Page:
Re: [linux-audio-user] Re: Digital Fidelity

From: <res0u2uc@email-addr-hidden>
Date: Wed Mar 01 2006 - 23:47:19 EET

On Wed, Mar 01, 2006 at 12:24:26PM -0800, Maluvia wrote:
> Your absolutely right - you're all a bunch of angels. :D
> I'm the devil in the black dress. }:>
> Carry on . . . . .
> - Maluvia

I am called to comment, with what I would hope are
understanding and compassion.

We all live under superstitions. Someone who is a brilliant
musician has the strangest misconceptions regarding
themselves and personal relationships... let us say
about love.

Someone wise in the realm of relationships and communication
is woefully ignorant about electrical matters... cannot so
much as change a lightbulb.

So whenever we encounter what we believe to be ignorance in
an area we are knowledgeable, perhaps it stings inwardly
because of all the huge universes of our own darkness that
surround the particular oasis of illumination at which
we water (to mix metaphors.)

At any rate, encountering what one believes to be emphatic
ignorance often leads to strong reactions.

On the subject of the direction of signals in cables, I
think I can offer to put the issue to rest by reminding
all parties that audio signals from a microphone or to a
loudspeaker are carried by the AC (alternating current)
component of electron movement. Thus the direction of the
electric current reverses many thousands of times each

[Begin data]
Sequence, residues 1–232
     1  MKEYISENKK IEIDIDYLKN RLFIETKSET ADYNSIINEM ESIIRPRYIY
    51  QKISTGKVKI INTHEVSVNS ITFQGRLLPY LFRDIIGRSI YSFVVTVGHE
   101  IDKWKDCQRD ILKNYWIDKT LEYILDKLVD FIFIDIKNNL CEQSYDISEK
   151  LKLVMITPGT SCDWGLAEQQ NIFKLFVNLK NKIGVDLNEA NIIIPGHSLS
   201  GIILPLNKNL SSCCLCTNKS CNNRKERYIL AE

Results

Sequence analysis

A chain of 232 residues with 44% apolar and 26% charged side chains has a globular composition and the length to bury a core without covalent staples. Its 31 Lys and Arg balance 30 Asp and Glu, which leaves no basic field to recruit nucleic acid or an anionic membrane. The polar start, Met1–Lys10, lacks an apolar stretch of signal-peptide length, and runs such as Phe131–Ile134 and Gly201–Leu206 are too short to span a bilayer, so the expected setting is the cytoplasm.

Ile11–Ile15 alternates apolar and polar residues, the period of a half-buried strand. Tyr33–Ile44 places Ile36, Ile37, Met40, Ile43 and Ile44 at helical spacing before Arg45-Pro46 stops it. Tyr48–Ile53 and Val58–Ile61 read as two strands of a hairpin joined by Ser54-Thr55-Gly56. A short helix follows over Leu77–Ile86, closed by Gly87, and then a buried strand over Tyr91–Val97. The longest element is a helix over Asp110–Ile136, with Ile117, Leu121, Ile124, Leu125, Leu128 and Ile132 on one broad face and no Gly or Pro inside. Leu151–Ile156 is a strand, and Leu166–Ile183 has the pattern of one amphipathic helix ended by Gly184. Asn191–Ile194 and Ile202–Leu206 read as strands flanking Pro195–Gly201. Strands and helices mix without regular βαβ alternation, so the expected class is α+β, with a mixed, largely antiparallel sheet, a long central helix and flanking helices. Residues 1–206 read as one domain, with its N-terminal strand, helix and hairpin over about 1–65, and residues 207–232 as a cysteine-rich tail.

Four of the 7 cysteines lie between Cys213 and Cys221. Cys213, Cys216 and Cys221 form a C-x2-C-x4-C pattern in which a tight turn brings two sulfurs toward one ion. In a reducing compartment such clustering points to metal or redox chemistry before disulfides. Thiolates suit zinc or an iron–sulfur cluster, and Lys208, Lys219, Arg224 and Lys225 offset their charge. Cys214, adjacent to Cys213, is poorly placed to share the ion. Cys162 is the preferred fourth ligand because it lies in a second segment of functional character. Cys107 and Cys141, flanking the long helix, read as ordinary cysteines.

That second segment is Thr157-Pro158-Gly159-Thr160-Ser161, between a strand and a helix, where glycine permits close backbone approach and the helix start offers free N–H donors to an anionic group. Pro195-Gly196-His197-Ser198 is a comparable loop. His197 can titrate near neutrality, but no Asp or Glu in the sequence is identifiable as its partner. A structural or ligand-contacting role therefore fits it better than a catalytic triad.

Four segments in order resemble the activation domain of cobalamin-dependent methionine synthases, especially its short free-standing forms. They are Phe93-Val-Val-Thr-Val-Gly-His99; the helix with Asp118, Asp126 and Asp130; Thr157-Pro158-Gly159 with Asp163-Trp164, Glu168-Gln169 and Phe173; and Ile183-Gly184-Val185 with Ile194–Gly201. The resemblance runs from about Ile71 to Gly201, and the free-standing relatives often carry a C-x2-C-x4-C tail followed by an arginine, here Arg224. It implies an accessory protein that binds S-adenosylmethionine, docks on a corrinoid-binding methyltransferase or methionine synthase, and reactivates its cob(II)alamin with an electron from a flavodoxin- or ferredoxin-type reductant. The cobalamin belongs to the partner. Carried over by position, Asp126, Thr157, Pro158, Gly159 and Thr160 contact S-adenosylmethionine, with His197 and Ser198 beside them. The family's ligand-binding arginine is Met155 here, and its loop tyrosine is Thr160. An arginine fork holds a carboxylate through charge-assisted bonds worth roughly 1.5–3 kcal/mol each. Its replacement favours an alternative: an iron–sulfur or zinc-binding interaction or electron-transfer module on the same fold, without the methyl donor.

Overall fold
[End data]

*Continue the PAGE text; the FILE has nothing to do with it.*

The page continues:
second, more or less depending on the pitch.

One can verify this by using a sinewave generator to drive a
loudspeaker while watching the waveform on an oscilloscope.
One immediately observes the waveform going both above and
below the zero point. A change in the sign of the voltage
means that the current flows in the opposite direction.

To those of us to whom this is deeply understood to the
point of being intuitive, we are surprised to encounter
another opinion--as tho someone were arguing that the
earth is flat, or that intercourse is not a factor in
the making of babies.

Perhaps this idea is harder to grasp for a person without
an intuitive familiarity with the behavior of negative
qualities--a rather recent cultural development.

It is one thing to attempt to convince a person that they
are mistaken, another to admit one is wrong on a subject one
has been convinced for many years: the latter requires
humility, the former can tolerate any amount of arrogance.

We all grow inasmuch as we can recognize and learn from our
own experience, and from the wisdom of others.

All of which takes place more readily in an atmosphere of
mutual respect.

Thank you for your attention.

Joel Roth
Received on Thu Mar 2 00:15:10 2006

This archive was generated by hypermail 2.1.8 : Thu Mar 02 2006 - 00:15:10 EET